Article 285 of the Constitution exempts properties of the Union Government from payment of property taxes. Exempted properties in India constitute approximately 10 per cent of the total urban properties and about 11 per cent of the assessed properties.
There are three main ways in which Property Tax is calculated:
- ARV- Annual Rental Value or Rate-able Value
- CVS- Capital Value System
- UAS- Unit Area System
Annual Rental Value or Rate-able Value of a property is the gross annual rent at which the buildings or and may reasonably be expected to let from month-to-month or from year-to-year. The ‘reasonable rent’ can be ‘actual rent’ if it is found to be fair and reasonable. If the declared annual rent is not found to be reasonable, the annual rental value will be estimated. In the case of non-rented properties, the rental value is to be estimated on the basis of rents prevailing for similar properties in the same locality.
A city is divided into wards and the basic annual rental values as well as the applicable property tax rates are decided by the Municipal Authority for each ward. Rates of property tax will also depend upon the usage i.e., residential or commercial or industrial and whether it is owner-occupied or leased.
Mumbai was following the Annual Rental Value method and it is only in March 2009 that the State
Legislative Council approved the bill to calculate property tax on Capital Value System instead of the rate-able value-based system. The capital value-based system of collecting property tax levies a percentage of tax on the market value of the property as prescribed by the Stamp Duty department.
In New Delhi, Bangalore, Kolkata, Hyderabad, Patna and Ahmadabad property tax is calculated by fixing a price for per unit value of the carpet area (Unit Area System). Patna was the first to introduce this system.
In New Delhi, the unit-based system of collecting property tax was implemented in 2004. This system is transparent and easy to calculate. The tax for each zone of the city is fixed and the assessee has to merely multiply the ‘zonal value’ with the carpet area of his property. Again, different weight-age in diminishing order are given to a property based on whether it is wholly rented, partly rented, or entirely for the landlord’s self-use, age of construction, etc.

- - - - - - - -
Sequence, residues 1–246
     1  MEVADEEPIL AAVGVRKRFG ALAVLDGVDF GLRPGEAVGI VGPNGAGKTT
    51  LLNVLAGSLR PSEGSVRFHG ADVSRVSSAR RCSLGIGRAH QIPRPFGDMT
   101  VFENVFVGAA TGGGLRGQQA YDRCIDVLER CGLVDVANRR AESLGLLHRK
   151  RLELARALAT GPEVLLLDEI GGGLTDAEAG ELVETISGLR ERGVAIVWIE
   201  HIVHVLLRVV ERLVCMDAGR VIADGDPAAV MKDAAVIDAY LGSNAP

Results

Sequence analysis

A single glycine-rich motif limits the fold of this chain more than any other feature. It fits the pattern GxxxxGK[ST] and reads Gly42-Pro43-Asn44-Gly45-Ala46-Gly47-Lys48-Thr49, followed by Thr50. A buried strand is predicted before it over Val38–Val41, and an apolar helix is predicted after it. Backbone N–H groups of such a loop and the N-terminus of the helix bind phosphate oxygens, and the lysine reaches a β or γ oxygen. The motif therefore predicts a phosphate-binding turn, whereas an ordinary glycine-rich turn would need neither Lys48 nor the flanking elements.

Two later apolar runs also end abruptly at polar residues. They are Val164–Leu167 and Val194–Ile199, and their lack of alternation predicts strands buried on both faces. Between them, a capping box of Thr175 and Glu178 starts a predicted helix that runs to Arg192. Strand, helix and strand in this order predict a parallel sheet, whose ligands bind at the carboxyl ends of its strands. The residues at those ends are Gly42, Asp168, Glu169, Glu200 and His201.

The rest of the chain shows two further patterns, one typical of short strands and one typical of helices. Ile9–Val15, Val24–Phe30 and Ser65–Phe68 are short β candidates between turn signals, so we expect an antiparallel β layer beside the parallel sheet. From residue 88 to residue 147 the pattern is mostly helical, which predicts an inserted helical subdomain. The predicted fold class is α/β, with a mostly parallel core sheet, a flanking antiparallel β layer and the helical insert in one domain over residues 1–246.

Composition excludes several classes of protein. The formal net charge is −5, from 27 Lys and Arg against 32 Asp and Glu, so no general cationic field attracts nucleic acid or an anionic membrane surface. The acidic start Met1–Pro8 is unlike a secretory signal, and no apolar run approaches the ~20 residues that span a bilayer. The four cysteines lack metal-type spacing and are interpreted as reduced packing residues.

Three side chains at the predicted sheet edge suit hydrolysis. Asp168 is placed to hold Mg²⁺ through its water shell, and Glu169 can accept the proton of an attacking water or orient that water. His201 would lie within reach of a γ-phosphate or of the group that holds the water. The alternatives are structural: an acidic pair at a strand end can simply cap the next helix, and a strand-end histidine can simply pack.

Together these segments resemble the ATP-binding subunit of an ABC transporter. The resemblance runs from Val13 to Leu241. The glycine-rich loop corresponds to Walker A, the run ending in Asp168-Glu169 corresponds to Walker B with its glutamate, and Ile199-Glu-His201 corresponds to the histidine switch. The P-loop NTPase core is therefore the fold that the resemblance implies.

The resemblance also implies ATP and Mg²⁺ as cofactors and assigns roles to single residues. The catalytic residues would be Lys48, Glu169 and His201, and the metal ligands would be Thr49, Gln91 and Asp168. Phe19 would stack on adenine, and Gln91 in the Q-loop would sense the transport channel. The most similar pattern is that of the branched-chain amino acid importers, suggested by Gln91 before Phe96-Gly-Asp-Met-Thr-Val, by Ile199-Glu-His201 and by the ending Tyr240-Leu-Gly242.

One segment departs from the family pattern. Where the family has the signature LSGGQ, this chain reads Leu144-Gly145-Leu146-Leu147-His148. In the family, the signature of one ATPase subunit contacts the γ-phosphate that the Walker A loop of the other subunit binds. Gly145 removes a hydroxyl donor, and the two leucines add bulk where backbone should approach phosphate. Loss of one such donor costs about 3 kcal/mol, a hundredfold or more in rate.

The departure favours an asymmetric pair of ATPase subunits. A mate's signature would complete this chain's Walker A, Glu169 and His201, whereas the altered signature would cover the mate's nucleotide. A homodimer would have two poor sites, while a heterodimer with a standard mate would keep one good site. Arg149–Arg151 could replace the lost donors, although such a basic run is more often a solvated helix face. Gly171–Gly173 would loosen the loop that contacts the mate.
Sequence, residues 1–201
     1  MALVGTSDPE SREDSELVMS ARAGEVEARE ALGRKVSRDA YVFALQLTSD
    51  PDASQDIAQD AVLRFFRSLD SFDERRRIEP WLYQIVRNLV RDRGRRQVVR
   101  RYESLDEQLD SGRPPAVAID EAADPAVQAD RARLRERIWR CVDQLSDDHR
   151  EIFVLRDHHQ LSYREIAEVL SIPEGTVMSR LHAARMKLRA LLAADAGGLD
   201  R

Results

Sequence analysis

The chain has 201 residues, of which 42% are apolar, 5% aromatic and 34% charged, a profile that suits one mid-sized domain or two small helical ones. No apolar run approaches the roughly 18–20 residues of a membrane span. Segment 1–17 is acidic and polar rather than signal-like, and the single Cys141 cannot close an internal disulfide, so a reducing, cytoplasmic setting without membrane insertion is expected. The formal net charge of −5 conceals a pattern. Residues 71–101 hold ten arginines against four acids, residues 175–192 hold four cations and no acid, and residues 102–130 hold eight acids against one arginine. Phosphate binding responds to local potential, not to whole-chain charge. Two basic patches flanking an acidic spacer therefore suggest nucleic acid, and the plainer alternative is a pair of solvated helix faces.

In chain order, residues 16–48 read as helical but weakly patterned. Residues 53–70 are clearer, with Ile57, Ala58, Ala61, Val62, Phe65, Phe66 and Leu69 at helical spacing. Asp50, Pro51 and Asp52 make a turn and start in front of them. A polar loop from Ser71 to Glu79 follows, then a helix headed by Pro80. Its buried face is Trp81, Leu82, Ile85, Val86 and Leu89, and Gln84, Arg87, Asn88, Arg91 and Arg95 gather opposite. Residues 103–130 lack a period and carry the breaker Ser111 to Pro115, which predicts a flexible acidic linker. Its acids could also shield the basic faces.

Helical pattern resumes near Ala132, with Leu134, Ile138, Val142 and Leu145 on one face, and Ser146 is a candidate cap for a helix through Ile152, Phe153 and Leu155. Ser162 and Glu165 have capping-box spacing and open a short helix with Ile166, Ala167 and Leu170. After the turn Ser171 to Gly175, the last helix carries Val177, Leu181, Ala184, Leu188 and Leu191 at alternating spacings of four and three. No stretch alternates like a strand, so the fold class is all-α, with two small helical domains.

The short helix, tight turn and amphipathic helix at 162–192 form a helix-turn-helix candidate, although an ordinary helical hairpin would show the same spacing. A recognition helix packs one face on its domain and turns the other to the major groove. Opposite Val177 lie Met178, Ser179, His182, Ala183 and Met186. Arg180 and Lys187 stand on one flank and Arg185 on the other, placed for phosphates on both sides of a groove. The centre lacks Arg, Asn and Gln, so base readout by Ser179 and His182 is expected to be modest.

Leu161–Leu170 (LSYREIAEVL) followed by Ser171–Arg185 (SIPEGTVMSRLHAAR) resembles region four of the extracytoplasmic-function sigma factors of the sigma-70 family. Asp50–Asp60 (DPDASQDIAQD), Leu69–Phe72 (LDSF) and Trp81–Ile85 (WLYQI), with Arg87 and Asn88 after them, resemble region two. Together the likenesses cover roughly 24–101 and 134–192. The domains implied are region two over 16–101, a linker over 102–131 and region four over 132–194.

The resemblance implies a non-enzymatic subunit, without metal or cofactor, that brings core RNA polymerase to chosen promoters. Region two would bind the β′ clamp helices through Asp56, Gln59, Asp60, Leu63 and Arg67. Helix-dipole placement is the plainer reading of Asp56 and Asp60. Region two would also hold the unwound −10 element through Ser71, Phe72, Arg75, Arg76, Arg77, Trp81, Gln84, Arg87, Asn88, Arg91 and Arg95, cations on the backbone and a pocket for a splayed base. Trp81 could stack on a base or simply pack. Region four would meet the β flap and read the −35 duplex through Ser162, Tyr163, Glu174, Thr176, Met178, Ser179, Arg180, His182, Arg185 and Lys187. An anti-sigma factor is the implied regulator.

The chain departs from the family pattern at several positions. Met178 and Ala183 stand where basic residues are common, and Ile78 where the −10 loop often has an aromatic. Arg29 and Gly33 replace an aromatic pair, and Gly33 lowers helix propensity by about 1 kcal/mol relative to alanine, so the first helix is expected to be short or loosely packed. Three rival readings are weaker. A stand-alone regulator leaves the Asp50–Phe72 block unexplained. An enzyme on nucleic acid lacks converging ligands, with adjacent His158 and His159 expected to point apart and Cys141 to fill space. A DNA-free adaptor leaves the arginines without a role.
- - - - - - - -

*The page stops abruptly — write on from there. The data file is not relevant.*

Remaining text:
There are areas that have already been developed up to or close to the shoreline – For this purpose, developed area is referred to as that area within the municipal limits or in other legally designated urban area which is already substantially built up and which has been provided with drainage and approach roads and other infrastructure facilities, such as water supply and sewerage mains.
Some development on the landward side of existing road and structures and proposed road shown on the coastal zone management plan are permissible in this zone.
Provision for Appeal
All Municipal Acts have made a provision for appeal against the assessment mostly to a Committee or a specified authority. The next level of appeal is the District Judge, who is the final fact finding authority.
There are differences amongst States in the constitution of appeal committees/authorities and subsequent appeals before the Civil Courts. In the case of Property Tax, the assessor determines the assessable value of the property. The appeal process gives taxpayers the opportunity to challenge the assessable value, on the grounds of reasonableness, if they so wish.
Property Tax Reforms
Many Municipalities have undertaken Property Tax reforms – the immediate incentive being funds under the Jawaharlal Nehru National Urban Reforms Mission (JNNURM). JNNURM outlines a set of ‘mandatory’ and ‘optional’ reforms at the state and local level for fast track planned development of identified cities.
The focus is on efficiency in urban infrastructure and service delivery mechanisms, community participation and accountability of Urban Local Bodies/agencies towards citizens.
With respect to Property Tax, the reforms have focused on:
- Need for more accurate property inventories and record management (among others through
- Computerizing property tax records and physical surveys);
- Adopting new approaches such as self-assessments to simplify property tax assessments and make it more transparent; improving taxpayers understanding of the assessment process;
- Improving collection methods, for example through e-governance.
This has resulted in Municipalities computerizing land and building records and making provision of payment of property tax online. Online property tax calculators are available on the websites of Municipalities. In fact, the Pune Municipal Corporation has initiated an SMS facility to check the owners’ property tax dues.
As part of the reform process, some Municipalities have introduced the scheme of self-declaration of Property Tax, thereby making Property Tax assessment return based and automatically acceptable except for a percentage of cases selected for random scrutiny. However, the predominant practice prevalent in the country continues to be one where the assessment is made by the assessor.
What is Property Tax / House Tax in India?